Through quiet tears she presented a troubling question, one I’d never heard before.
In traveling and teaching across the country the past 15 years, I’ve heard many questions. And though I saw it coming, this was a first: “My fourth-grade daughter plays with a boy next door named Jeremy. Next year he will return to school as Jenny. What do I tell my daughter?”
The gender revolution is under way, and our children are invited to the revolt.
In Ontario, Canada, the sex-ed curriculum teaches there are six genders: male, female, transgendered, transsexual, two-spirited, and inter-sexed. In Lincoln, Nebraska, middle-school teachers are told not to call their students boys or girls. A pamphlet reads:
When you find it necessary to reference gender, say “Boy, girl, both or neither.” When asked why, use this as a teachable moment. Emphasize to students that your classroom recognizes and celebrates the gender diversity of all students.
George Barna reports the majority of tweens today believe the Bible does not condemn homosexuality. Even if your children aren’t in public education, they’re growing up in a world of children who are. Exactly what do we teach our kids to help them navigate the dangerous cultural waters of gender confusion?
You will have to answer difficult questions, to be sure. But a foundation must be in place before the questions arise. Brief but strategic positive comments—such as telling your preschool daughter, “God chose for you to be a girl! Isn’t that great?”—go a long way in building a truth-filled foundation for sexual theology.
Three Fundamental Truths
Here are three vital truths to teach your kids to help them weather the gender revolution tsunami:
1. Teach your child that his or her purpose is to glorify God.
Our children do not need self-esteem; they need God-esteem. If they esteem him, then they will understand their value without making too much of themselves. The gender revolution, though, puts self on the throne to determine truth. That’s nothing new. It’s been happening since Eden. As one of my former students recently wrote:
The serpent claims “you shall be like God” in Genesis 3:5. Satan’s claim is his true deceit since in Genesis 1:27 God himself reveals he created Adam and Eve in his own image. The serpent sold to Eve something she already possessed: godlike qualities. He made her believe she wasn’t enough. . . . The implication of “you shall be like God” is that God didn’t make her correctly. There is no figure in the current media buzz that personifies the longings Eve felt more than Bruce—now Caitlyn—Jenner.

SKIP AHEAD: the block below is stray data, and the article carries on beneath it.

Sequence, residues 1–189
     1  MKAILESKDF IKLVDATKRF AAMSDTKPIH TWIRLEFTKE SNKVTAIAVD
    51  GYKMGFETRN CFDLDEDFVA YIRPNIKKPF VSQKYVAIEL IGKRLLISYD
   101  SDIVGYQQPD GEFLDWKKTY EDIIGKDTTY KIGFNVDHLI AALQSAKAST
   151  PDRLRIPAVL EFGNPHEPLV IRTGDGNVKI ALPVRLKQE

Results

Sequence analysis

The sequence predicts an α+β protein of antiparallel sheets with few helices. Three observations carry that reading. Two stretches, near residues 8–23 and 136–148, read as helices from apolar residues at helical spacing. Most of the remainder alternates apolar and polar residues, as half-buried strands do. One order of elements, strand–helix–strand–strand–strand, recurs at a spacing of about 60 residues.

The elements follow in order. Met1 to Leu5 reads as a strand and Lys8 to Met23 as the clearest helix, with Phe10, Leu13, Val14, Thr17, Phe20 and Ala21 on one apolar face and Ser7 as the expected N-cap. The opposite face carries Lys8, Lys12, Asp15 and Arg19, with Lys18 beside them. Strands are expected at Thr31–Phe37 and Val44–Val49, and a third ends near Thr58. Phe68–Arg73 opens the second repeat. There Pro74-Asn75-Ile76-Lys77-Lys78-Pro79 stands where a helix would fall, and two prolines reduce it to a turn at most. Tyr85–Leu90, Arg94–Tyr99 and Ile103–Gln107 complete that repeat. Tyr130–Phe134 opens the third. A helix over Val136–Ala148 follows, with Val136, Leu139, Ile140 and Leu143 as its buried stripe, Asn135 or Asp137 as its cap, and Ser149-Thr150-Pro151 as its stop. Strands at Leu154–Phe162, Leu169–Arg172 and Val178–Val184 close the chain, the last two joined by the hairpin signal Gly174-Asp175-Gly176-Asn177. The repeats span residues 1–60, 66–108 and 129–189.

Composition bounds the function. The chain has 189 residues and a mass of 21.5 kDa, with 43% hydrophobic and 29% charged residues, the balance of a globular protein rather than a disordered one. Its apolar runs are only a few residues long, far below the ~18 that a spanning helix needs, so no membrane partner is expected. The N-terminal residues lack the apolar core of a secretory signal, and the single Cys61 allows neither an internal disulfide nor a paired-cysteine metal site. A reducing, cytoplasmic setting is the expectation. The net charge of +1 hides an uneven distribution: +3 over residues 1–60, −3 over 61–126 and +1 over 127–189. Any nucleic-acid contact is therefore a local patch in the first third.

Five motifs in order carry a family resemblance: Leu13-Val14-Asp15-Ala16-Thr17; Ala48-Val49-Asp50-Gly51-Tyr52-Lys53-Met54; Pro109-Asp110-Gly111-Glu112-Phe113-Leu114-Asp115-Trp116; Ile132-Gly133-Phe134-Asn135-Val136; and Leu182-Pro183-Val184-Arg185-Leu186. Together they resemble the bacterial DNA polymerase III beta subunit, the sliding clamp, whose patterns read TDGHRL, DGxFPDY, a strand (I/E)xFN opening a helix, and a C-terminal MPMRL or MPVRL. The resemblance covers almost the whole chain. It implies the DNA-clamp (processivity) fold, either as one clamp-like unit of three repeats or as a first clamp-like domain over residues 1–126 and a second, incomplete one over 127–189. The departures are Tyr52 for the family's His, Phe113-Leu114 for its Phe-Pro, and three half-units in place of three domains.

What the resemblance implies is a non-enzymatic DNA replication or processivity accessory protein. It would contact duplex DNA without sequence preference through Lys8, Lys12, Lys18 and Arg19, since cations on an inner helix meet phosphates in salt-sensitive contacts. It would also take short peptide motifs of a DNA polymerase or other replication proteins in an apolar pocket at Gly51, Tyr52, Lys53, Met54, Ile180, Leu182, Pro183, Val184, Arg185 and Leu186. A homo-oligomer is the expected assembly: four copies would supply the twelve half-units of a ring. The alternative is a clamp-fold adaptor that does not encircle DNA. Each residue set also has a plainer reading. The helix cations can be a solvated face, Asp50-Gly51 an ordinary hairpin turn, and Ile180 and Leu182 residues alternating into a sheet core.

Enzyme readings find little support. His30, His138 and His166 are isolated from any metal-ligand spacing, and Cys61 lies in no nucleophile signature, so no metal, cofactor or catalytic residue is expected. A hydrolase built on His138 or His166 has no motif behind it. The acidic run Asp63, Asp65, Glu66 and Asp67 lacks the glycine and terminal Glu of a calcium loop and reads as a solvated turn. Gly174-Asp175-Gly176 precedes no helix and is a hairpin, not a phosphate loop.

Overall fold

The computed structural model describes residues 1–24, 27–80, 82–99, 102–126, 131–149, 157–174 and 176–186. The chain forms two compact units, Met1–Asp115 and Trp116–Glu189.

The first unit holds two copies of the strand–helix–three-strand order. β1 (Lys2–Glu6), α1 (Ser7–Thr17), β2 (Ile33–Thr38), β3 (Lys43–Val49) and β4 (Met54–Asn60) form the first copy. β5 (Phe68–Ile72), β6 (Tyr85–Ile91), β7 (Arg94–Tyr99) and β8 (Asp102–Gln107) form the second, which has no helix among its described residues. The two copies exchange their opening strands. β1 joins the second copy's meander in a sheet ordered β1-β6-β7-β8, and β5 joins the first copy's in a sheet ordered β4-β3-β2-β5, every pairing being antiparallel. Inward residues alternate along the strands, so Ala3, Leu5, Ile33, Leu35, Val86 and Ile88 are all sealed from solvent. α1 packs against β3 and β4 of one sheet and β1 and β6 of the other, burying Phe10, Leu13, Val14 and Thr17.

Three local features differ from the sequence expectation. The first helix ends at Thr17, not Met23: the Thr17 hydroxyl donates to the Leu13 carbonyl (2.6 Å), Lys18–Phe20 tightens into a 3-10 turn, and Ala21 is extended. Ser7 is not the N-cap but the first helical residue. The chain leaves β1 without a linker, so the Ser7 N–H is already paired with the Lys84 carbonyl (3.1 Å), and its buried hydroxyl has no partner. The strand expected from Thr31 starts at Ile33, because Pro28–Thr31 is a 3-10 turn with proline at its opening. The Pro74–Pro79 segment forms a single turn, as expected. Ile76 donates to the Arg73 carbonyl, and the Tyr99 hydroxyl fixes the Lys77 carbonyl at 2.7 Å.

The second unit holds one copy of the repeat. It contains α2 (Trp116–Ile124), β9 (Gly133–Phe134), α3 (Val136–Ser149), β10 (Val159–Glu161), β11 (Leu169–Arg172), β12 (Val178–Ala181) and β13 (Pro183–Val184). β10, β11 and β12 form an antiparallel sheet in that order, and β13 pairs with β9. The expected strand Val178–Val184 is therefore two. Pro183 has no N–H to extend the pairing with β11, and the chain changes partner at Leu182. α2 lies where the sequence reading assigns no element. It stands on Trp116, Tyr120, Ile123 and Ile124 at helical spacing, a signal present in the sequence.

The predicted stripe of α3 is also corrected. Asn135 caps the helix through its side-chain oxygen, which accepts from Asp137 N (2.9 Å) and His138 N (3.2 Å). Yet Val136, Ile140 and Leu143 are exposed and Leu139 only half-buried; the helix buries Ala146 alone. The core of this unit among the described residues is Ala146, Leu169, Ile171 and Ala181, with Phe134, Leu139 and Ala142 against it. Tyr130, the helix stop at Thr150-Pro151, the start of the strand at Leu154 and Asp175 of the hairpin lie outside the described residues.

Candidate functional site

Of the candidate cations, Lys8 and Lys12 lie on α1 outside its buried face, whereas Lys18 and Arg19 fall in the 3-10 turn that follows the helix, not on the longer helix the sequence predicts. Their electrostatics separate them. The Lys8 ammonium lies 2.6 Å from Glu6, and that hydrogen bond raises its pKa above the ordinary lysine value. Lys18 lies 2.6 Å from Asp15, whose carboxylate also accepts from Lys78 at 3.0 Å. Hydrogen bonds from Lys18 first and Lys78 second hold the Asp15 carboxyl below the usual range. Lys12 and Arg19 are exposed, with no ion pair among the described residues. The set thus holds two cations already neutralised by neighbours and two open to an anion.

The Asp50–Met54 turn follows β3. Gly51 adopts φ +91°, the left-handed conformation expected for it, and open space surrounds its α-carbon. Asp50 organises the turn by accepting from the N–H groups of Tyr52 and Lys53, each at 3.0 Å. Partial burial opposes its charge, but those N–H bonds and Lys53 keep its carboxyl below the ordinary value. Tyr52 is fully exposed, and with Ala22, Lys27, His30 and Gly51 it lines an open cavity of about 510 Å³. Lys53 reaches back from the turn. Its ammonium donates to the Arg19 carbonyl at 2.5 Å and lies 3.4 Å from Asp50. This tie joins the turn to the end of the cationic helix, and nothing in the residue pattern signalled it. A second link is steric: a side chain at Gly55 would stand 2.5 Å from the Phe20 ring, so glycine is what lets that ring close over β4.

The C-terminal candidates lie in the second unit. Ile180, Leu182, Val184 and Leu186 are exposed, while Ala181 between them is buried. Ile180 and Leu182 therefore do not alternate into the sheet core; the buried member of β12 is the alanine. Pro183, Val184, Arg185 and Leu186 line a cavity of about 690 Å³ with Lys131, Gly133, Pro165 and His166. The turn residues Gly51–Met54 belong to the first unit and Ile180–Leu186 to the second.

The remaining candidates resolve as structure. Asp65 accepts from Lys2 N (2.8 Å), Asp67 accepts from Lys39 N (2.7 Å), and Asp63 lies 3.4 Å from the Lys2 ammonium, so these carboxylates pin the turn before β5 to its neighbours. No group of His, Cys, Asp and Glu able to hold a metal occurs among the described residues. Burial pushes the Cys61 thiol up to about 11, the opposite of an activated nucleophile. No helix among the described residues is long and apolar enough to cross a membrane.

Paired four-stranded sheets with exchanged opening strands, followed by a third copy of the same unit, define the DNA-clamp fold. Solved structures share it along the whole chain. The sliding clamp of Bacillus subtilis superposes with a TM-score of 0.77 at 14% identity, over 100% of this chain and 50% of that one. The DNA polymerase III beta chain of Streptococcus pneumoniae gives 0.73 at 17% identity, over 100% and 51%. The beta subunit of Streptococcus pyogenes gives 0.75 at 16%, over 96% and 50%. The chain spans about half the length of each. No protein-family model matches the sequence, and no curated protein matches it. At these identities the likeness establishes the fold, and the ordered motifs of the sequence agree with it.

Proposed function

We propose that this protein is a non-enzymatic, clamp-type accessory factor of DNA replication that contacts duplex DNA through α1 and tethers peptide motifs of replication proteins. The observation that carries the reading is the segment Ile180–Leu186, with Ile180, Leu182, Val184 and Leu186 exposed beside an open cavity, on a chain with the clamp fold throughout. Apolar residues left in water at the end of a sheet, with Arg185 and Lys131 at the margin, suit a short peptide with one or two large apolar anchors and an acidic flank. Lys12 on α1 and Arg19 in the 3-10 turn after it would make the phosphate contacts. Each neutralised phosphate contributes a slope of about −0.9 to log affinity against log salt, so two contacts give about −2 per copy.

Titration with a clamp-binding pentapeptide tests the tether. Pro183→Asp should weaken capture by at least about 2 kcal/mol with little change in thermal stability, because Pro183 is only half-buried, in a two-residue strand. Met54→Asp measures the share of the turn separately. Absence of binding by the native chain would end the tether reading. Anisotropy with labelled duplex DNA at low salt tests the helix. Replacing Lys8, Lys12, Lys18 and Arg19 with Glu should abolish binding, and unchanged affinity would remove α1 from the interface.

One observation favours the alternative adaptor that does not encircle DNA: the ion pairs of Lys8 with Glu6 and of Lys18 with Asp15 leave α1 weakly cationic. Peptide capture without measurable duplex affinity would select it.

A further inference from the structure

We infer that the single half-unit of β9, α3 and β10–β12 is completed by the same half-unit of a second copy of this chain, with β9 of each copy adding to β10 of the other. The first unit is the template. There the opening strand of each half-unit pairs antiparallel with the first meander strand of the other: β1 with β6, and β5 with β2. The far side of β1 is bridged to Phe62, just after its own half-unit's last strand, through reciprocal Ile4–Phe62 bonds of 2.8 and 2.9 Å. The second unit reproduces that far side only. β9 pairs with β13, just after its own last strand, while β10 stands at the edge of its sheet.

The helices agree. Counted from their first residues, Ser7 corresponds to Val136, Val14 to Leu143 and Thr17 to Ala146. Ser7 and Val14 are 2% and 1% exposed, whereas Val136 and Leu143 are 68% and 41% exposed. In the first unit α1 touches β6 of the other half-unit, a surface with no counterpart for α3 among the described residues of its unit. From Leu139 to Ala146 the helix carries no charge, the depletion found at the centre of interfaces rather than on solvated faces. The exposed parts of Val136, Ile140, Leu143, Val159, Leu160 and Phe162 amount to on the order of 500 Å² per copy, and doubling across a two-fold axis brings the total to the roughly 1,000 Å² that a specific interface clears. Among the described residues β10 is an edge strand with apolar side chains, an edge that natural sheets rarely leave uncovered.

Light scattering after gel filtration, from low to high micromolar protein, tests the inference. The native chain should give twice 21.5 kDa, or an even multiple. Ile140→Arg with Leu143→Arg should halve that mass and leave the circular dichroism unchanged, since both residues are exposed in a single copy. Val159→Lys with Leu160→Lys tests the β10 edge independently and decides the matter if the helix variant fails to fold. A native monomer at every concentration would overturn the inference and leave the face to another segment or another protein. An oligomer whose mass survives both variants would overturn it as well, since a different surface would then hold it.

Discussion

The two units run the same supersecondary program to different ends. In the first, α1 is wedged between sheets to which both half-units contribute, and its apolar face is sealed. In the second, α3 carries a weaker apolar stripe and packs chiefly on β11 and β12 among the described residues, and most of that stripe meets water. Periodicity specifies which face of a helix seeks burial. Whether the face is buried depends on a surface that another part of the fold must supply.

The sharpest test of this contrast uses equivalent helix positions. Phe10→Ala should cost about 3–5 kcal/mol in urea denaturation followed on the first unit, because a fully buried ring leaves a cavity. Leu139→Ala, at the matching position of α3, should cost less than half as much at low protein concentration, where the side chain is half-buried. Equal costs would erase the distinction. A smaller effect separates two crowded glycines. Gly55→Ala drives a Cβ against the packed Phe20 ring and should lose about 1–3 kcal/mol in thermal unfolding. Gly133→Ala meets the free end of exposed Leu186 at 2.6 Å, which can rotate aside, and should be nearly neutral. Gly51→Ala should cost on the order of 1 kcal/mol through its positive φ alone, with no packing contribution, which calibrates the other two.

God made each human for himself and has jealously protected his treasure by sacrificing his Son. This sacrifice motivates us to glorify him—something that requires our bodies. “You were bought with a price,” the apostle Paul writes. “So glorify God in your body” (1 Cor. 6:20).
2. Teach your child how defined roles of maleness and femaleness enable us to glorify God.
Part of what it means to glorify the Lord is to make him known. Adam and Eve were more than just unique creations; they were crafted in his likeness:
Then God said, “Let us make man in our image, in our likeness.” So God created man in his own image, in the image of God he created him; male and female he created them. (Gen. 1:26–27)
Our maleness and our femaleness are obviously a critical part of how we represent the God of the universe. Genesis 1 places authentic humanity and sexuality in the context of male and female distinctiveness. Our responsibility to reflect our Maker’s image calls us to embrace those differences, not erase them.
3. Teach your children to live as sacrifices to God.
The Bible summons us to lay down our own plans for our bodies and instead make them daily, living, breathing sacrifices that magnify our Maker. This includes how we work, give, spend, and even whom we have sex with—no matter what gender “preference” might tempt us:
Therefore, I urge you, brothers and sisters, in view of God’s mercy, to offer your bodies as a living sacrifice, holy and pleasing to God—this is your true and proper worship. Do not conform to the pattern of this world, but be transformed by the renewing of your mind. Then you will be able to test and approve what God’s will is—his good, pleasing and perfect will. (Rom. 12:1–2)
There will be many times when obeying God’s plan for sexuality will be a sacrifice for your children. Temptation will come their way, and denying their own sexual desires out of love for God will be deeply painful.
Freedom to Grieve
That brings us back to Jeremy, who entered fourth grade this fall in a new dress and with a new name: Jenny. I told the questioner God would give her the words to explain things to her daughter, just as he has millions of parents before her when difficult issues of sexuality have arisen. And I told her to keep crying. If asked why she cries, she can say: “Jeremy doesn’t understand that he is enough, that God created him according to his image. It must be very painful.”
The Christian heart must be broken by what’s happening. Let’s not merely teach our children the Bible verses, the truth, and the facts. Let’s also teach them to grieve over the things that grieve God’s heart.